By Jill Brooke
Heard the expression “fresh as a daisy?” Well, you may want to rethink that phrase and add some naughtiness and flirtation to it.
Turns out that researchers at the University of Cambridge have discovered that resourceful little daisies in drought-filled South Africa are shifting their petals to look like lady flies, in order to seduce male flies. I kid you not. Flowers are SO COOL.
A male fly approaches a flower, lands on top of what he thinks is a female fly, and jiggles around. He’s trying to mate, but it isn’t quite working. He has another go. Eventually, he gives up and buzzes off, unsuccessful. The plant, meanwhile, has got what it wanted: pollen.
The South African daisy, Gorteria diffusa, is the only daisy known to make such a complicated structure resembling a female fly on its petals.
“This daisy didn’t evolve a new ‘make a fly’ gene. Instead, it did something even cleverer – it brought together existing genes, which already do other things in different parts of the plant, to make a complicated spot on the petals that deceives male flies,” said Professor Beverley Glover at the University of Cambridge’s Department of Plant Sciences and Director of the University’s Botanic Garden, senior author of the study.
The study, which is in the journal “Current Biology,” discusses how the mechanism behind this convincing three-dimensional deception, complete with hairy bumps and white highlights, has intrigued scientists for decades. But now these dedicated researchers have identified three sets of genes involved in building the fake fly on the daisy’s petals. The big surprise is that all three sets already have other functions in the plant: one moves iron around, one makes root hairs grow, and one controls when flowers are made.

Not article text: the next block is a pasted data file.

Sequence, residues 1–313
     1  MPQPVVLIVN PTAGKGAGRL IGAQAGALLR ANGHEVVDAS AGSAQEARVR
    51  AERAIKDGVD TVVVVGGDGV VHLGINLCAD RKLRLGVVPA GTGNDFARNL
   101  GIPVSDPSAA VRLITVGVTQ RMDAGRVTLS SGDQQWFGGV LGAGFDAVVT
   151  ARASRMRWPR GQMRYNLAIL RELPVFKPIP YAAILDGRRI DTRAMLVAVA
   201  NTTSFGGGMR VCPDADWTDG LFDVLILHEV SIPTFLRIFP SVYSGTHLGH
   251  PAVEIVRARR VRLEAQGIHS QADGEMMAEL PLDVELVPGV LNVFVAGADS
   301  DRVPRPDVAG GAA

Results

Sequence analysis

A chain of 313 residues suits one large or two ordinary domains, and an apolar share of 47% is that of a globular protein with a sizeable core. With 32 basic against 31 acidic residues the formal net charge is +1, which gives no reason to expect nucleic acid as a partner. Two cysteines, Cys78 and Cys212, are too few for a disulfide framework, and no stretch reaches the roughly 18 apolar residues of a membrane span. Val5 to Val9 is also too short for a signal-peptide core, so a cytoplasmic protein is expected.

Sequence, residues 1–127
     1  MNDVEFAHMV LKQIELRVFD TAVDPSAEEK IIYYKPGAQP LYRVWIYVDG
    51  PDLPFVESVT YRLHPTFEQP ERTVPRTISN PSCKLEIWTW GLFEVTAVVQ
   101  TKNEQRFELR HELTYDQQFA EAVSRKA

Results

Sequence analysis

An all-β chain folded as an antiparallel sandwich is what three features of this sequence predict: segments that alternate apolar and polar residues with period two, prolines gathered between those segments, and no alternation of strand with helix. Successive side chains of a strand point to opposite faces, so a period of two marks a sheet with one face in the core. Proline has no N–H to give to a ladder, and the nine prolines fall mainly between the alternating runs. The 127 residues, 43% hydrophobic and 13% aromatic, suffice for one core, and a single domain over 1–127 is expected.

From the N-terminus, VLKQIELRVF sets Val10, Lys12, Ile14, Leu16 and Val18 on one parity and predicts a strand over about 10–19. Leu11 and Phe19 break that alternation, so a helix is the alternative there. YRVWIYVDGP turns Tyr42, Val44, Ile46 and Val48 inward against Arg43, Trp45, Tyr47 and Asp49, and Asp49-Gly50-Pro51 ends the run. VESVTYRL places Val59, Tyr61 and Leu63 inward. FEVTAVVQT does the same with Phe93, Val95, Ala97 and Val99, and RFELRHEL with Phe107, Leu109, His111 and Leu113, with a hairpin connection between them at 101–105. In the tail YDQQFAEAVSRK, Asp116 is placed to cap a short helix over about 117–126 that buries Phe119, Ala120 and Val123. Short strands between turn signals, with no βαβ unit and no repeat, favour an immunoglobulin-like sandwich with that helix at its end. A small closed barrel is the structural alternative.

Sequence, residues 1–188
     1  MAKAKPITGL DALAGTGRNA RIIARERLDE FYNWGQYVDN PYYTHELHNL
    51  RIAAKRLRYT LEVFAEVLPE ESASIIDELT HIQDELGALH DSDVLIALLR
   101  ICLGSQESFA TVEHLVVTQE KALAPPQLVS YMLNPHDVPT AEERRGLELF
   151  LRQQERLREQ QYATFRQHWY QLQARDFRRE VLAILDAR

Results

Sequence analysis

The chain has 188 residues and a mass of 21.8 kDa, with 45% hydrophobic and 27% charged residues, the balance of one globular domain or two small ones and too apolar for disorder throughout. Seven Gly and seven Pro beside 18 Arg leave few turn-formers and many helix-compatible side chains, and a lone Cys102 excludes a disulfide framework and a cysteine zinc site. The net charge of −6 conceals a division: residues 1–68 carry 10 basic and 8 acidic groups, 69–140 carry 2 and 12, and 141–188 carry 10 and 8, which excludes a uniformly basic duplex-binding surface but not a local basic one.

I won’t look at a daisy the same way anymore, will you? I’ve written a lot about how humans have used flowers to seduce, but flowers are pros at it. They are such inventive entities and adapt for survival. They take flirting to a whole new level.
The researchers say the daisy’s petals give it an evolutionary advantage, by attracting more male flies to pollinate it. The plants grow in a harsh desert environment in South Africa, with only a short rainy season in which to produce flowers, get pollinated, and set seed before they die. This creates intense competition to attract pollinators – and the petals with fake lady flies make the South African daisy stand out from the crowd.
Compared to most living organisms, the group of plants including the sexually deceptive daisy is very young in evolutionary terms at 1.5 to 2 million years old. The earliest daisies of this family tree didn’t have the fake fly spots, which means they must have appeared on the daisy petals very rapidly.
“We’d expect that something as complex as a fake fly would take a long time to evolve, involving lots of genes and lots of mutations. But actually, by bringing together three existing sets of genes, it has happened much more quickly,” said Dr. Roman Kellenberger, a postdoctoral researcher in the University of Cambridge’s Department of Plant Sciences and first author of the study.
To get their results, the researchers compared which genes were switched on in petals with, and without fake flies in the same type of daisy plant. They also compared these to petals from a different type of daisy that produces a simple spot pattern, to work out which genes were specifically involved in making the daisy’s spots so deceptive.
This is the only example of a flower that produces multiple fake flies on top of its petals. Other members of the daisy family make much simpler spots – for example, spots in a ring around all the petals – that aren’t very convincing to real flies. By comparing the different daisies in the family tree, the researchers were able to work out the order in which the fake flies came into being: color first, then random positioning, then texture.
“It’s almost like evolving a whole new organ in a very short time frame. Male flies don’t stay long on flowers with simple spots, but they’re so convinced by these fake flies that they spend extra time trying to mate and rub off more pollen onto the flower – helping to pollinate it,” said Kellenberger.
This research was funded by the Swiss National Science Foundation, the Natural Environment Research Council, and the Biotechnology and Biological Sciences Research Council.